International evidence suggests the social and economic impacts of the pandemic will be felt for longer and more intensely for those already living in precarious conditions. A strength of this project was its Māori specific focus. 
It is important to note that the survey was completed during the early stages of the pandemic in Aotearoa New Zealand (April - November 2020) and, at that time, the primary concern for many was to secure the safety of their families and loved ones, rather than long-term thinking about resilience and sustainability. 


To learn more about research and its key findings view the report here


MIFAS Research Team: Dr Carla Houkamau (Ngāti Porou, Ngāti Kahungunu, Kāi Tahu), Dr Kiri Dell (Ngāti Porou), Dr Jamie Newth (Ngāpuhi), Dr Jason Paul Mika (Tūhoe, Ngāti Awa, Whakatōhea, Ngāti Kahungunu), Dr Chris Sibley (Pākehā), Turuhia Keelan (Ngāti Porou), Tamela Dunn (Ngāpuhi)

He Pitopito Kōrero | News, Announcements

Ngāi Tahu Research Centre appoints its first Professor
Congratulations to Dr Shaun Ogilvie - Te Arawa (Ngāti Whakahemo), Ngāti Awa (Ngāti Pūkeko) - who was recently appointed the Ngāi Tahu Research Centre’s first Professor of Ecology and the Environment. 

Shaun is Chair of NPM's Te Tira Takimano, which brings together our 21 partner entities, and has been a Principal Investigator on many significant NPM research projects over the years. Read more

Māori high school students inspired to take up STEMM fields - science, technology, engineering, maths and Mātauranga

Pūhoro Academy has partnered with the University of Waikato to accelerate the participation and success of tauira Māori in STEMM -  science, technology, engineering, maths and Mātauranga - over the next three years.


Pūhoro will work with Māori high school students throughout the Waikato rohe to ignite their passions in these fields, providing an enhanced STEMM learning experience underpinned by mātauranga Māori.  Watch Te Ao Māori News

$5m Grant an Iwi First to Drive Better Health Outcomes for Ngāti Hauiti Uri and Māori Around the Motu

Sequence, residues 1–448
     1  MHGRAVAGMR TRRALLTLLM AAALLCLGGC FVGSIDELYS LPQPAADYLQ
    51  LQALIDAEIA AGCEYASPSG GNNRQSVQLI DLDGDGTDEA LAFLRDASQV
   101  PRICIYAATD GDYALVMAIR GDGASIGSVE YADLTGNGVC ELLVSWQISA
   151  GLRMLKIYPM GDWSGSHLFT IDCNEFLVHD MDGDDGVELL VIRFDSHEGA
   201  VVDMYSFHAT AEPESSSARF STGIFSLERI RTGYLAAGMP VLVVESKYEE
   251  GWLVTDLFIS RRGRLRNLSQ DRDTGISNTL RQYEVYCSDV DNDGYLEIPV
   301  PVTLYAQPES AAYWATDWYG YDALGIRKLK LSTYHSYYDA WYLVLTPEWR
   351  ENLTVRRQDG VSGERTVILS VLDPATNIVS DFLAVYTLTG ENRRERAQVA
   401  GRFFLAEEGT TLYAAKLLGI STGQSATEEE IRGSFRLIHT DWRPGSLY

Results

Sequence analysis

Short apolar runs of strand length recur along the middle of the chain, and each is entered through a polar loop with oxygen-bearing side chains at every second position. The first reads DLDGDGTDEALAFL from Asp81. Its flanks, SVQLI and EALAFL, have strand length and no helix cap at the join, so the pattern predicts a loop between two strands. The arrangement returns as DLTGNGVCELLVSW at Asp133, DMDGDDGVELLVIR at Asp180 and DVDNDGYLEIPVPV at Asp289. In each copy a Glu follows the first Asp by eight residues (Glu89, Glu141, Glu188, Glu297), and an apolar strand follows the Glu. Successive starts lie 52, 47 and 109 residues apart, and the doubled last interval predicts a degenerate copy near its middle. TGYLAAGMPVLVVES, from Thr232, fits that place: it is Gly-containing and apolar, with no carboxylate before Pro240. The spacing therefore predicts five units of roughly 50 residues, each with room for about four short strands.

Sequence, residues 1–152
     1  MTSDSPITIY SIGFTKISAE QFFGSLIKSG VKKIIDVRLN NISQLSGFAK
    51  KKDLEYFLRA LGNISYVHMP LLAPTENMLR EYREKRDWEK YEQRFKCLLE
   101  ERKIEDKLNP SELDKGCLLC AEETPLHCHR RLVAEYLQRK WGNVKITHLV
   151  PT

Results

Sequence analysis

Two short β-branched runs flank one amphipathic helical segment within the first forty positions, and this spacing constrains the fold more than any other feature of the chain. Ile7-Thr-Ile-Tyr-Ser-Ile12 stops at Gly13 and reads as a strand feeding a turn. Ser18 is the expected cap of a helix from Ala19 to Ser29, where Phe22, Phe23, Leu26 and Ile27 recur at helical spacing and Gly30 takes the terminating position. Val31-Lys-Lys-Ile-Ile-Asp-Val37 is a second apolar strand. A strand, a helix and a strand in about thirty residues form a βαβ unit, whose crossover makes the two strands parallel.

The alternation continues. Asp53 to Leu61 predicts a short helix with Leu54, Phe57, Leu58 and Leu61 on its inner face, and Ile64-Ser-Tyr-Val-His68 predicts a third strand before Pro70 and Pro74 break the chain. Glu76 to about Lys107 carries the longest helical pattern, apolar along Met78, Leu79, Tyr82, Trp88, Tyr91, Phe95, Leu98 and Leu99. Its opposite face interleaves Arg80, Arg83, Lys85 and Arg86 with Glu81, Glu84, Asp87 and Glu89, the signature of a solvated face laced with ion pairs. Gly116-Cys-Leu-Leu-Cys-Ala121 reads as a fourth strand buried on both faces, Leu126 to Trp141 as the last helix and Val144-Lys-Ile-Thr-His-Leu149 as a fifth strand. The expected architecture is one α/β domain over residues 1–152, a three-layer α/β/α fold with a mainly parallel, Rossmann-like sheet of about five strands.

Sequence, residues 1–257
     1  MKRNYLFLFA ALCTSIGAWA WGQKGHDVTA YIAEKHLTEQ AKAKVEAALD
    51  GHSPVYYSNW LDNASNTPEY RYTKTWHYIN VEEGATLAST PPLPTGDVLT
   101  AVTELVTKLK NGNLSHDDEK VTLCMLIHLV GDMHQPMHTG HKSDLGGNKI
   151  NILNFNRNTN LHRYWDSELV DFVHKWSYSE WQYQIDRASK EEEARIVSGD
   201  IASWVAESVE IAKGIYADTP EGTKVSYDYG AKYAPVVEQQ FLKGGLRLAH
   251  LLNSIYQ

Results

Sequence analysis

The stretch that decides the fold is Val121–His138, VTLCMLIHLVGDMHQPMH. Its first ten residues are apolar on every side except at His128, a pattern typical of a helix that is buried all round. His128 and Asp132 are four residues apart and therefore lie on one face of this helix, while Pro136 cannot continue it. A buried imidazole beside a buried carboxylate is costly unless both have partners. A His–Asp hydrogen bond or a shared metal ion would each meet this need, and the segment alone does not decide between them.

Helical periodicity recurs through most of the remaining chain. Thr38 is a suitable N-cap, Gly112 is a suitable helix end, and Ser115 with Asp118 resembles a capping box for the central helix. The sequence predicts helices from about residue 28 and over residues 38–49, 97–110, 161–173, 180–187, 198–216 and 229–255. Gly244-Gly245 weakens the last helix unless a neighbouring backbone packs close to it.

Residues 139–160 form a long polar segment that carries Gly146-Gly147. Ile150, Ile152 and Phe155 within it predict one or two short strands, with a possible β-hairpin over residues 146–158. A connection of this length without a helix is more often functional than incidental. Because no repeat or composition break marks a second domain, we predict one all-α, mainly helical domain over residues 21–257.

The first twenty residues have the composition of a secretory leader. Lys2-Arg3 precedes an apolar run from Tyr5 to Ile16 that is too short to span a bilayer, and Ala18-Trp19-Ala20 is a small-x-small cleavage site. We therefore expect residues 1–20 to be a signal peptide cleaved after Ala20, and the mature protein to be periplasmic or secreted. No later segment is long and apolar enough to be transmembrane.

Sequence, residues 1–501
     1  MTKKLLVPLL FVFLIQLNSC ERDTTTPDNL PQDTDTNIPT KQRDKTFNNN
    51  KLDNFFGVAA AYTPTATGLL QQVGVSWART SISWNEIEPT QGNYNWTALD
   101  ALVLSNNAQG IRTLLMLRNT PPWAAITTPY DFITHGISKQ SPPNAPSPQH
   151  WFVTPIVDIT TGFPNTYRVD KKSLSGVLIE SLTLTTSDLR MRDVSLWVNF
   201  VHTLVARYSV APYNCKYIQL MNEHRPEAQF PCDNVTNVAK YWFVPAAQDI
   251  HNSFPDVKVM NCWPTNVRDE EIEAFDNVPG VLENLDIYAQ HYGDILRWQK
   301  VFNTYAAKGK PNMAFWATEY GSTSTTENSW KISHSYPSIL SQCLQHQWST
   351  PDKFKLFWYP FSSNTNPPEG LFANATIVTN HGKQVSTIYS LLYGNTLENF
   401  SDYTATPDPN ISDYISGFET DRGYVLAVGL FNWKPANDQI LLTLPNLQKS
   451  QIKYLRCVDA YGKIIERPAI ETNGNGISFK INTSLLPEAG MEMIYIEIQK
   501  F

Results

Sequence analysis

Whakauae Research Services was awarded $5 million from the Health Research Council of New Zealand (HRC) for a five-year programme to build knowledge on what is needed for better health outcomes for Māori and Aotearoa.

Whakauae Research Centre Director Amohia Boulton, who is part of our NPM research network, says the research is critical to effect the changes needed to improve health outcomes for Māori. The aim is to release findings throughout the course of the programme, so evidence can be used to inform policy and strategy work happening now in the health sector. Read more here

Puna Mātauranga | Publications, Journals

Waking the Taniwha: Māori Governance in the 21st Century
Robert Joseph & Richard Benton (Eds.) (Thomson Reuters, Wellington, New Zealand, 2021)

NPM is proud to have supported the publication of an important new book co-edited by NPM researcher Associate Professor Robert Joseph along with Dr Richard Benton.

Waking the Taniwha: Māori Governance in the 21st Century is a comprehensive analysis of the complex challenges arising out of the development of Māori governance structures in the post-Treaty of Waitangi settlement period. As well as bringing together the many elements that comprise the governance of Māori corporate entities, the book highlights key principles and best practices of Māori corporate governance. Its  publication is a milestone in Aotearoa New Zealand legal writing. It is a single-stop research text for iwi, post-settlement governance entities, legal advisors and those looking to work with those entities in partnership.